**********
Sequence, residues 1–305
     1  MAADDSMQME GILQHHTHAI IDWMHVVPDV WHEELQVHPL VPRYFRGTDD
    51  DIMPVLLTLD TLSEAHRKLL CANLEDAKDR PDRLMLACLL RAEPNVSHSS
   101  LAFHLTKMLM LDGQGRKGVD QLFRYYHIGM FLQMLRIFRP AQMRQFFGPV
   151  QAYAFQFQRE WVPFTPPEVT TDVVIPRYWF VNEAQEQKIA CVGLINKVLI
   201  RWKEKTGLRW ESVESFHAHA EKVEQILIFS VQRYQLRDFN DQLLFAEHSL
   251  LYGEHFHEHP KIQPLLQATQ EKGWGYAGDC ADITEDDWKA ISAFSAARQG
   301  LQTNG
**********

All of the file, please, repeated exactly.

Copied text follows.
Sequence, residues 1–305
     1  MAADDSMQME GILQHHTHAI IDWMHVVPDV WHEELQVHPL VPRYFRGTDD
    51  DIMPVLLTLD TLSEAHRKLL CANLEDAKDR PDRLMLACLL RAEPNVSHSS
   101  LAFHLTKMLM LDGQGRKGVD QLFRYYHIGM FLQMLRIFRP AQMRQFFGPV
   151  QAYAFQFQRE WVPFTPPEVT TDVVIPRYWF VNEAQEQKIA CVGLINKVLI
   201  RWKEKTGLRW ESVESFHAHA EKVEQILIFS VQRYQLRDFN DQLLFAEHSL
   251  LYGEHFHEHP KIQPLLQATQ EKGWGYAGDC ADITEDDWKA ISAFSAARQG
   301  LQTNG